I will keep it short and clean, if it won't be enough please let me know and add more details.

When using an Arduino UNO, a serial communication can be achieved by the same USB connection which is also used to load the code or power the board.

But when using another board for ex. stm32f4-disc, I also power the board and send the code into the board via a USB port on my board. However to get a serial communication between pc and board, I specify some pins as UART Tx/Rx and use a TTL-USB converter.

So why using the USB port on Arduino UNO for serial communication is possible while it is not the case with STM32F4-DISC?

  • 2
    \$\begingroup\$ The later Nucleo boards have virtual serial passthrough on the USB programmer port. \$\endgroup\$ Jul 28, 2019 at 12:53

1 Answer 1


In both boards, communication between the PC and the microcontroller is mediated by another microcontroller.

On the Arduino board, communication between the target micro and the interface micro happens through the serial port of the target, while on ST boards communication happens through SWD interface.

ST used SWD interface because it allows for much more sophisticated control and debugging, while the serial port is somewhat limited on that sense.

When you are not programming the target, on Arduino boards, the serial interface is free to be used as is; the interface chip is seen on PC side as VCP (Virtual COM Port), so the PC thinks it is connected to a serial interface, and sends (and expects) serial signals, that are relayed directly to the target micro. This is not possible through SWD though.

While you do not specify the exact discovery board you have, most if not all of the target MCUs of the STM32F4 series have an onboard USB controller, that can emulate VCP with the ST software stack. If there's a second USB on your board, usually "USER USB", odds are you can use that one, but you will need to use (and understand) the software stack, at least to some extent.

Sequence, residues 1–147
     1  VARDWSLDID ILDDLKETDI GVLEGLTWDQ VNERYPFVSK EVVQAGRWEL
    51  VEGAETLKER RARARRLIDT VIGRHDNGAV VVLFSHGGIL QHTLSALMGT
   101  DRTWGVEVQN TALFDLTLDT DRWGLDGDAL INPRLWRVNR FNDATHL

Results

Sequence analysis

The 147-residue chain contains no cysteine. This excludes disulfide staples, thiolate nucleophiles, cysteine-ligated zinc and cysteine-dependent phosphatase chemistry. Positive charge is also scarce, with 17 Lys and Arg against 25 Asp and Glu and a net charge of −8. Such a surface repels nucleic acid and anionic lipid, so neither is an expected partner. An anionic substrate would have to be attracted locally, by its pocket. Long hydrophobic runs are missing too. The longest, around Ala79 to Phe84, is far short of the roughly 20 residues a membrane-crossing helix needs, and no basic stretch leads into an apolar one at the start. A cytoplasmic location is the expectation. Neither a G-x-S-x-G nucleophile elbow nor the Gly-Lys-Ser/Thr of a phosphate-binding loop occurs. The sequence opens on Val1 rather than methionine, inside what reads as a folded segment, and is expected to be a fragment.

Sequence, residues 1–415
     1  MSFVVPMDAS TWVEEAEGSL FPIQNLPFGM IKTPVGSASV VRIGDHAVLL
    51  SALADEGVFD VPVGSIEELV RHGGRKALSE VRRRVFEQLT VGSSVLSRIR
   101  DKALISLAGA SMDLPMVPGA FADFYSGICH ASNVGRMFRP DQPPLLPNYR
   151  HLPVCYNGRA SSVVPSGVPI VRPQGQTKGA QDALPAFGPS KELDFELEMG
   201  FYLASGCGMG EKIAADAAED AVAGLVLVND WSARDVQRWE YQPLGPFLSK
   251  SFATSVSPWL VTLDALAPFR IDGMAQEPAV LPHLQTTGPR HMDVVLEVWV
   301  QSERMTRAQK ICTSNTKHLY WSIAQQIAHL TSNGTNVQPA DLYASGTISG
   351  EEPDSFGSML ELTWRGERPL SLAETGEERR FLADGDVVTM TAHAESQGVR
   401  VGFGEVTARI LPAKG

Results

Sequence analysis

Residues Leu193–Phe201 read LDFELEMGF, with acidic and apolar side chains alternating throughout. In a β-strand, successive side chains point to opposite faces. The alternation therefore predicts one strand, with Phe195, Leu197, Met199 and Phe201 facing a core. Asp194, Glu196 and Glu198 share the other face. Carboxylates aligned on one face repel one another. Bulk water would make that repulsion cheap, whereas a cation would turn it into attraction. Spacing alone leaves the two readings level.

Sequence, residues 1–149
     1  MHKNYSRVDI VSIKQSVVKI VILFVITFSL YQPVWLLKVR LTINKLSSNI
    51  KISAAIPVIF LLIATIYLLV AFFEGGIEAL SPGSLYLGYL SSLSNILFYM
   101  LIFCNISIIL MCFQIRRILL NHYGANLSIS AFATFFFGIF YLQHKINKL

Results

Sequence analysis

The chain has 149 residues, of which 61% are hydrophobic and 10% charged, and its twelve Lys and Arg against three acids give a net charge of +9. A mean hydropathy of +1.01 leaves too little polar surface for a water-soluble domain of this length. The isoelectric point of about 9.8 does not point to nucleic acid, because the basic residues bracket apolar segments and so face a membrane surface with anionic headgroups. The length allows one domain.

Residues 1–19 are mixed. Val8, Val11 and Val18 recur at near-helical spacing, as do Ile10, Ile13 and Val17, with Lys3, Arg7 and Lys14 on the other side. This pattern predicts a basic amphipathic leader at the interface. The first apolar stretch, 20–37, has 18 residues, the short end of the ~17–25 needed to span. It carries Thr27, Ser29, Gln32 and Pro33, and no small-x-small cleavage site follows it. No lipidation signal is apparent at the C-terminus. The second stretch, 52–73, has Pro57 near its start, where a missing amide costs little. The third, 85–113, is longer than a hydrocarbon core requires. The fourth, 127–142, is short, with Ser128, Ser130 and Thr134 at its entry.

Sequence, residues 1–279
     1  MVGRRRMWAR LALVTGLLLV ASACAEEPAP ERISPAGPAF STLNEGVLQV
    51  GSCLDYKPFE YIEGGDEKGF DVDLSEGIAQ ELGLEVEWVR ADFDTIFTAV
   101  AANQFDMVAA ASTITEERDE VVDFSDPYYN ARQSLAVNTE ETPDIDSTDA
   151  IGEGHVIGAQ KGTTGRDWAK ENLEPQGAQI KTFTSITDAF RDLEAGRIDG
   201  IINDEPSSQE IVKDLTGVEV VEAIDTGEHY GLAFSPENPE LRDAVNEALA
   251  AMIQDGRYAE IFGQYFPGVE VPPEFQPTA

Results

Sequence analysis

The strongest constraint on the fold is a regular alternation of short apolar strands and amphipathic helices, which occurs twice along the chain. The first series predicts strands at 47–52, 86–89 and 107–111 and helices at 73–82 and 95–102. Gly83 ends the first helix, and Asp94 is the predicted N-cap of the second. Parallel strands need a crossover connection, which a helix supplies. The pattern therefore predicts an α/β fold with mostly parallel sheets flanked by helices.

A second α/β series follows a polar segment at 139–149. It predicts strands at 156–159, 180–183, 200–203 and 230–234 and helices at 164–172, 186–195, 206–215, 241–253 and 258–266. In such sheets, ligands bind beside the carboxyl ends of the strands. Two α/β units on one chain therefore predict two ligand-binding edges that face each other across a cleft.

• \$\begingroup\$ F407G-DISC1 to be exact, and thanks for the asnwer. \$\endgroup\$
    – muyustan
    Jul 28, 2019 at 9:51
  • \$\begingroup\$ Actually on an Arduino the interface chip is always in a passthrough mode; during programming one is talking to a bootloader program on the target chip via the same serial interface. STM32 parts have a bootloader, in fact a permanent one, but it does not offer the debug capabilities which SWD does. Later Nucleo boards support virtual serial as well as SWD via the programming USB; the F4 discovery was designed much earlier in the history of the product line. \$\endgroup\$ Jul 28, 2019 at 12:56
  • \$\begingroup\$ @ChrisStratton so with the Nucleo boards you mentioned, Can I use same usb port for debugging and also transmitting/receiving data(for example to be monitored on a serial monitor on PC) ? Also what does the second usb port( the one next to audio port) on f4-discovery board? I google it a bit but could not find. Thanks. \$\endgroup\$
    – muyustan
    Jul 28, 2019 at 17:16
  • \$\begingroup\$ That is what I said, yes. And this answer explains the 2nd USB port, however you will find that difficulty to use except in the context of a software stack that does most of the work for you. Your present approach is likely best. \$\endgroup\$ Jul 28, 2019 at 17:18
  • \$\begingroup\$ Thanks @ChrisStratton for pointing out that the chip is in passthrough mode. What I meant is that the serial link is passed through only when programming is not ongoing, but it can be misleading as it is stated now. I'll fix that up. \$\endgroup\$ Jul 28, 2019 at 20:29

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